Feature Story: Stop, collaborate and listen
[Tue 09/06/2009 05:28:40]
In the final part of an extended three-part feature, filmmaker Greg Mclean tells INSIDEFILM about the importance of collaboration and drops a few hints about what he might be working on next. Interview by Simon de Bruyn and story by Philippa Maclachlan.
Filmmaker Greg Mclean has been described as an auteur, given he writes, directs and produces his own films; even his deal for Rogue with the Weinstein brothers was made on the condition that he would have say on the final cut of the film.
However his collaborations with other writers and producers prove that, in the film industry, it is impossible to work alone.
Mclean says he likes to be involved in all aspects of the filmmaking process. “I just think it’s so important, the film’s so important, you really have to have an interest in everything,” he says.
“I come from a visual arts background, I was a painter, so for me all the aspects of making a movie were preparing it or financing it or distributing it or marketing it. To me it all feels like the same kind of thing because you’re basically just trying to tell a successful story.”
To tell these stories, Mclean has collaborated with a number of people over his career. Matt Hearn, who had previously worked in advertising, executive produced Wolf Creek and produced Rogue.
The pair met when Hearn worked on corporate and music videos for Mclean’s production company and discovered they liked the same type of films. They thought Wolf Creek was a good film to start with and as it happened it was an immense success for the duo.
Alongside its international $27 million box office success and acceptance to Cannes, Wolf Creek was nominated for seven AFI awards, including best original music score by composer Frank Tetaz, who also worked on Rogue.
Strong creative relationships like this seem to be a fuel for Mclean. While he tends to write his own features, more recently he has been working with several writers to co-author screenplays he is hoping to direct. In addition to adapting a play from Melbourne playwright Michele Davis into a film, Mclean is working with writer Chris Wheeler to write Dark Forces, a World War II action/horror film he is trying to get up and running.
Wheeler wrote short films In Living Memory, Fuel and Boy and is listed as one of the writers who has worked on Fred Schepisi’s upcoming The Last Man.
“I wrote this sequence for Dark Forces and then was trying to find someone who could write in that kind of style in Australia. I called Chris and he added a bit more to Wolf Creek as well,” he says. “He’s actually a very cool, very interesting writer. He’s awesome, a very smart guy.”
When it comes to future projects, Mclean is fairly tight lipped. Indeed he seems to be wary of saying too much lest it affect his chances at funding, somehow.
“I’m kind of pushing about three different things at the same time and there’s a few other Los Angeles based things that are sort of bouncing around as well. It’ll hit – one of the things will go off and hopefully it’ll be Dark Forces but we’re still working on that one.”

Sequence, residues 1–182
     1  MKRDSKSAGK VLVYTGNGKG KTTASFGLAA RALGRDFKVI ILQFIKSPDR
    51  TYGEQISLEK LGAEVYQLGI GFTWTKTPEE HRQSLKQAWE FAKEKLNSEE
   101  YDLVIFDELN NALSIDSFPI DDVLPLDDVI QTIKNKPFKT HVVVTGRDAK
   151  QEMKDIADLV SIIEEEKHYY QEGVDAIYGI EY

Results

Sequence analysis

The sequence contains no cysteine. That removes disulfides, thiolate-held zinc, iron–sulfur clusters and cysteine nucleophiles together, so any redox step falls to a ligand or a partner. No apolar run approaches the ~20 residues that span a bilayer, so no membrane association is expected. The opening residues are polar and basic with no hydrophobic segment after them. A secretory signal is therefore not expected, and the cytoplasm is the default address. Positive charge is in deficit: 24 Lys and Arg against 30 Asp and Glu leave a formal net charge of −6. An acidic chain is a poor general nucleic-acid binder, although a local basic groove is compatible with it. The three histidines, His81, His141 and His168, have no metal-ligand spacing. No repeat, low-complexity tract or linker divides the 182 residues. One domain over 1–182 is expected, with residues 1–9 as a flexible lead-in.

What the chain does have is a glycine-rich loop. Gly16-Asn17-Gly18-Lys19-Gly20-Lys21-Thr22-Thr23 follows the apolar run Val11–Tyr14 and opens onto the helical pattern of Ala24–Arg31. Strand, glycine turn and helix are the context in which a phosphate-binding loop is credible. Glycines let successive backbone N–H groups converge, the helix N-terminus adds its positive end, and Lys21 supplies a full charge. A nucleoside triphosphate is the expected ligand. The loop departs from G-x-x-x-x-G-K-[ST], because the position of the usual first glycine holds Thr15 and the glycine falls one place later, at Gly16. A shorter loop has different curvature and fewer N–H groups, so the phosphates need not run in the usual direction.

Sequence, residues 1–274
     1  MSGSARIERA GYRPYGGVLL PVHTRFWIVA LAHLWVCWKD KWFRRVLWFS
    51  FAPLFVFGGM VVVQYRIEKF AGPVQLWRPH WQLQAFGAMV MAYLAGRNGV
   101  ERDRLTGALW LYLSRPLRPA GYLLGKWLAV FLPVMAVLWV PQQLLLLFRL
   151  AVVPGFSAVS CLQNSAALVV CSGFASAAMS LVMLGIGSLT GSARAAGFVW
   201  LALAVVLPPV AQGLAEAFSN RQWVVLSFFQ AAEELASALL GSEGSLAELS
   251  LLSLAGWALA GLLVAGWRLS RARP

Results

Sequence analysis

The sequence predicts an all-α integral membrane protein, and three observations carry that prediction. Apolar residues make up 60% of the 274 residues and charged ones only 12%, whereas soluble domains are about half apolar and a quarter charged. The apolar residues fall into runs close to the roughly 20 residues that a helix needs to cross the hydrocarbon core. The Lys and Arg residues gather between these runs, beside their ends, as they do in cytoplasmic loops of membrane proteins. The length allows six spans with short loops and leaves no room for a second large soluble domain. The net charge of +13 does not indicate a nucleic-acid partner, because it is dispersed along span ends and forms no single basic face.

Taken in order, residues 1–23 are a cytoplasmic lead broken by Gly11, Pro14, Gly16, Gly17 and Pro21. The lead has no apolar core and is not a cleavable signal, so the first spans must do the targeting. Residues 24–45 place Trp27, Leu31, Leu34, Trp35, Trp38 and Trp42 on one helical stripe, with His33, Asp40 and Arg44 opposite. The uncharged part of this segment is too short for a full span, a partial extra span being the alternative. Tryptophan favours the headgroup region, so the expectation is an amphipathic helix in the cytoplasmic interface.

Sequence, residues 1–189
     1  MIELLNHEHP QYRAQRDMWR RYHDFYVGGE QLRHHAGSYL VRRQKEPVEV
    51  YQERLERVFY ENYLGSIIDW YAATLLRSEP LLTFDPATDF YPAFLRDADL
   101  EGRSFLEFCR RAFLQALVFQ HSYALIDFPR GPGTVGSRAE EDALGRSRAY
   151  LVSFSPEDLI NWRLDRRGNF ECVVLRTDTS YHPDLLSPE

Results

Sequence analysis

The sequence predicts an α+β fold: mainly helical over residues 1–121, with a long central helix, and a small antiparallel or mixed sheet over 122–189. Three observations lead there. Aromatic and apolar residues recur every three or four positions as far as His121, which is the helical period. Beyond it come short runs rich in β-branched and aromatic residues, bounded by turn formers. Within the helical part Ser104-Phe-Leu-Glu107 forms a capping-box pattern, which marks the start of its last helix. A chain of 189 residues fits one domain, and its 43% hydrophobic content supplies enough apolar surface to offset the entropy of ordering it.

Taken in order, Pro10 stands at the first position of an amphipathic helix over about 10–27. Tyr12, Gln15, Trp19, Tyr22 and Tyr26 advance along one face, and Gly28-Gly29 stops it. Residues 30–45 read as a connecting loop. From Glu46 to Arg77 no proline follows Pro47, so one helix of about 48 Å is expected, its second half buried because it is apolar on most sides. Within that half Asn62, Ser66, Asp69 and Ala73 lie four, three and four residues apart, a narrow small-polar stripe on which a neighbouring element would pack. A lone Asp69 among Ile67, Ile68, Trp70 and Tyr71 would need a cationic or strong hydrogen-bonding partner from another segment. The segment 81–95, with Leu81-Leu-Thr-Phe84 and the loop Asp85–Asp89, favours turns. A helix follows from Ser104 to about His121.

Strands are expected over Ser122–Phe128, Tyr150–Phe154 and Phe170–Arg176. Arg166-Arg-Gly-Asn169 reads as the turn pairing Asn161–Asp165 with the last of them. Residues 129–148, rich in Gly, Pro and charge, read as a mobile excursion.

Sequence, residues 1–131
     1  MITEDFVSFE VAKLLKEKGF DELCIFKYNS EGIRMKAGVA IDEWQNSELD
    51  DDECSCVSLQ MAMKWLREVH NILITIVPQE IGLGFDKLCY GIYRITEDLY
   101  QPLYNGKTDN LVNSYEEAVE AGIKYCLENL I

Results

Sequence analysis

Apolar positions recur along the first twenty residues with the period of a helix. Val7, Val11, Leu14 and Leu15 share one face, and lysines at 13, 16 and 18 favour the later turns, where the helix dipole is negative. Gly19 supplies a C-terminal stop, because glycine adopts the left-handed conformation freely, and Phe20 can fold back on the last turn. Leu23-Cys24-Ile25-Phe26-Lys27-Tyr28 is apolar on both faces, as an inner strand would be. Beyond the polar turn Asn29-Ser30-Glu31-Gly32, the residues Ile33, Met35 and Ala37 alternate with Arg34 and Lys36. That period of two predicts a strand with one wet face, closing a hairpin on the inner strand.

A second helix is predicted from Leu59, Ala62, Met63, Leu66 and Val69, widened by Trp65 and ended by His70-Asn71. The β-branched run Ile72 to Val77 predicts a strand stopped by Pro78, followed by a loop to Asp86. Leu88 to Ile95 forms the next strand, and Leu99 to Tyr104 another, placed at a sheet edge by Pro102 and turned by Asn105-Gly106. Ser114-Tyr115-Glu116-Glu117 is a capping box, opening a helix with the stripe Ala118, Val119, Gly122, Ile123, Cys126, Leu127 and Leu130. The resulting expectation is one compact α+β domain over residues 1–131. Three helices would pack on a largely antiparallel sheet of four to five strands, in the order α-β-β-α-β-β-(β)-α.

McLean is still keen to make Australian films, provided he can get the funding for them.
“Rogue took so long to get released that they’ve allowed me to develop a whole new project. So I’ve basically developed about five different scripts all of which originate out of Australia. We’ve got a whole bunch of stuff we want to get done and some of these are either Australian movies or international movies shot in Australia,” he says.
“Hopefully I’ll be shooting my next big film in Australia, but because some of the [scripts] are quite big, there’s not really the money in Australia to do them. So you’ve really got to come [to the US] to get the cash then come back and try and make it work with an Australian system and get it down and that kind of thing.”
After years of writing his own script – both literally and with his career – Mclean now seems happy to collaborate more and let whichever ideas that are best spring forth, although with the US system he is still wrestling for control.
“I try to get as much control and as much say as I possibly can. I mean, when I say me it’s actually me and my team. So you know it means whoever we trust aesthetically and with taste within our group, the ideas can come from anyone,” he says.
“It’s really just about having a very tight knit group of people with really good taste and jousting things around and whoever has the great idea we go with that.”
Hosted by Damian Walshe-Howling, and screening throughout June, Flickerfest on Extra features the work of filmmakers including Frank Woodley, Rachel Griffiths, Jan Chapman, Jan Sardi, Nash Edgerton, Fred Schepisi and Gillian Armstrong.
Mclean is the sixth episode in the series, which goes to air on June 19 at 10:30 on Movie EXTRA, and will feature his interview, short film ICQ and a special presentation of Rogue.
Read the first part of the interview here and the second part of the interview here.
[Tue 09/06/2009 05:28:40]